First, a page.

CNS Canada — Record yields for Manitoba corn last year have raised the attractiveness of the commodity for many growers.
However, the chances for a delayed spring this year could dampen that enthusiasm, according to one industry watcher.
“If we get into a delayed planting situation we may see producers switch their corn acres into another shorter-season crop type,” said Pam de Rocquigny, general manager of the Manitoba Corn Growers Association.
In 2016, yields in Manitoba hit a record 146 bushels an acre, according to Manitoba Agriculture.
“It makes us wonder what could have been if we had ideal growing conditions as we had some challenging weather last year,” she noted.
In 2016, corn area in Manitoba was 345,000 acres, according to Statistics Canada, up from just 250,000 in 2015. At this point, de Rocquigny said, it’s too soon to say what will happen, but she believes corn could hit the 300,000-acre range.
The plant’s hardiness in the face of so much precipitation should serve it well.
“Corn can handle excess moisture conditions a little bit better, after crop establishment,” said de Rocquigny.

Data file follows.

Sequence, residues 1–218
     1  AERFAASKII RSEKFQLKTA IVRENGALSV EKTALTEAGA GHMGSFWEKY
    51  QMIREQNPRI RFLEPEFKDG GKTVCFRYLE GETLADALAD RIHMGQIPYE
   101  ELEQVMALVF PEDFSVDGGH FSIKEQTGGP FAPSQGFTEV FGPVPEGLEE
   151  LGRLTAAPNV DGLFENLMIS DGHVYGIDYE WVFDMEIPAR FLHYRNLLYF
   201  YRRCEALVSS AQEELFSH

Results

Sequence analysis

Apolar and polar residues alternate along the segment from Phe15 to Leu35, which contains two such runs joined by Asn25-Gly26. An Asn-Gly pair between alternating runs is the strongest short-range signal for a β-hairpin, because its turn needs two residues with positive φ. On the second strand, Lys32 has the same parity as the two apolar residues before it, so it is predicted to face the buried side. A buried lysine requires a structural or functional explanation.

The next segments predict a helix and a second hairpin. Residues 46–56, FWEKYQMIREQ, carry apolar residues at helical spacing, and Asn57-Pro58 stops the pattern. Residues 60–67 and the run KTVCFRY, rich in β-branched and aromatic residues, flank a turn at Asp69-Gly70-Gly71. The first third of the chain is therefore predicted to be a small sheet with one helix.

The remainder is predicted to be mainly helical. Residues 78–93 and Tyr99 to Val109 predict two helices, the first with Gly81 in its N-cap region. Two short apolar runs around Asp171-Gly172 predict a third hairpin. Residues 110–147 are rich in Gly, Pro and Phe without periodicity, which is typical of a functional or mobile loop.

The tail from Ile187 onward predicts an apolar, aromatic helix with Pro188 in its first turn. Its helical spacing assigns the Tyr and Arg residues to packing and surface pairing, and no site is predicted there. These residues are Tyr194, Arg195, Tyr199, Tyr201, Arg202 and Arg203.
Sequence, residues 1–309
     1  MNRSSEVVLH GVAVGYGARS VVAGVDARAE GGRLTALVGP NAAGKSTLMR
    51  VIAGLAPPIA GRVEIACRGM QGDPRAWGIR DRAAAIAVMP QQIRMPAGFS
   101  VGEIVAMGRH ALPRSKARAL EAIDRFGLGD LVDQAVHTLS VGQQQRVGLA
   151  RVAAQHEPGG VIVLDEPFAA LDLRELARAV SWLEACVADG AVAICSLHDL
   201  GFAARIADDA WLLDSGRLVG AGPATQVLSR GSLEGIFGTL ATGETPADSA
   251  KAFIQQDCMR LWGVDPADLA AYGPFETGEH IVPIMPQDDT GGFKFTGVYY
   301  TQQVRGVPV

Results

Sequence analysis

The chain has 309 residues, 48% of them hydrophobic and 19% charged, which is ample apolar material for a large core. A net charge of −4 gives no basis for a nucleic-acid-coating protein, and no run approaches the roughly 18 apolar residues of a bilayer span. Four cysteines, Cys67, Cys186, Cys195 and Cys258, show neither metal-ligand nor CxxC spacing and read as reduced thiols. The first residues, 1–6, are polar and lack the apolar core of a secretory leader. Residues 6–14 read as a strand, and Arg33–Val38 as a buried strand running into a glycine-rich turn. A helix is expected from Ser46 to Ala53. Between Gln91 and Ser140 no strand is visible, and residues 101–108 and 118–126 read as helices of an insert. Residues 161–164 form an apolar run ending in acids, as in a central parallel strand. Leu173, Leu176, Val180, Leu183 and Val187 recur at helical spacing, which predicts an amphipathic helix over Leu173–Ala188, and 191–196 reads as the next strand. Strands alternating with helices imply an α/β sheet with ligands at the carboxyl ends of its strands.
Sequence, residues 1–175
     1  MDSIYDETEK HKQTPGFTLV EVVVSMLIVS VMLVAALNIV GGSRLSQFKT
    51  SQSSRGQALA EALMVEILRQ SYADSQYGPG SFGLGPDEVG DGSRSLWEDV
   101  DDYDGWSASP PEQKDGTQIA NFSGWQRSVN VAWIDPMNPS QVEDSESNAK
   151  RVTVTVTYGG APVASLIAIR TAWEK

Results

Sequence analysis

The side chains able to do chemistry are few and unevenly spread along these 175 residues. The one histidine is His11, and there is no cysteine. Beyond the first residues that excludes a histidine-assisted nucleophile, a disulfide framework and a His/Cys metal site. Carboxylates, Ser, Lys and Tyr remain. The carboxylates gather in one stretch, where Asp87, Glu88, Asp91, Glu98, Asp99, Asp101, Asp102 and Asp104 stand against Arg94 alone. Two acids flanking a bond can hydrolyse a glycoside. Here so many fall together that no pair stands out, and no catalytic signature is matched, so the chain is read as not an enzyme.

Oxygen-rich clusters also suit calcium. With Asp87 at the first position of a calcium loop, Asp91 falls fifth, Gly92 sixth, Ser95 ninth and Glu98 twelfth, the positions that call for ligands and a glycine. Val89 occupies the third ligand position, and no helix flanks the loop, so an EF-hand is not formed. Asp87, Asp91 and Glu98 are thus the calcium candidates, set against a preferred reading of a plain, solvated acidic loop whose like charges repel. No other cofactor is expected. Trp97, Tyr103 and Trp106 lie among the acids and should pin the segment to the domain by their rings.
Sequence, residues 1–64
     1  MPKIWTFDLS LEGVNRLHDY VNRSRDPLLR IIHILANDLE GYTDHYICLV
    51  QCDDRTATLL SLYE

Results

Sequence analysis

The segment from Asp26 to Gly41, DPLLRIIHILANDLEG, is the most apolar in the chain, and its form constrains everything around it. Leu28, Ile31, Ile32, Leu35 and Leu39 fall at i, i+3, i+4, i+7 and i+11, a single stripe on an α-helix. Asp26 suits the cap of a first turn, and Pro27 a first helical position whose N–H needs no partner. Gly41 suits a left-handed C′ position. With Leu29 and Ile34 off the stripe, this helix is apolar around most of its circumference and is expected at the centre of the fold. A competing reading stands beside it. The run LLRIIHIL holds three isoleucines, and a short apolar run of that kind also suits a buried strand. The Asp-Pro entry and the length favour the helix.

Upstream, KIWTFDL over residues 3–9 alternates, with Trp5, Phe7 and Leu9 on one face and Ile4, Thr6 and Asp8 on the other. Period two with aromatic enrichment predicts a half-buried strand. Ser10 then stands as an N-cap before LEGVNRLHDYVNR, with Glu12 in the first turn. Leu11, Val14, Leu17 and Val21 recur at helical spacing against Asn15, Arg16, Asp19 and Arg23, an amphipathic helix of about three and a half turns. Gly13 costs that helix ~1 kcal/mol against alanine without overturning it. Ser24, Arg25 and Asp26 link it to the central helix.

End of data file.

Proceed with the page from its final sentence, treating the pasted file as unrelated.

Recent warm weather has also given fields a chance to burn off some snowpack before springtime hits.
When it comes time to dry down the corn, de Rocquigny noted, producers will want to see as little moisture as possible.
“In the last five to seven years some guys were able to take corn off relatively dry, where they only needed to put it on aeration. More often than not, though, corn does require artificial drying to get it to safe storage levels,” she said.
Ideally, corn should hit physiological maturity in that September timeframe.
“Obviously the closer you can get to safe moisture storage levels out in the field the less cost there will be of artificially drying it. But like we saw last fall, sometimes that’s not an option,” she said.
— Dave Sims writes for Commodity News Service Canada, a Winnipeg company specializing in grain and commodity market reporting.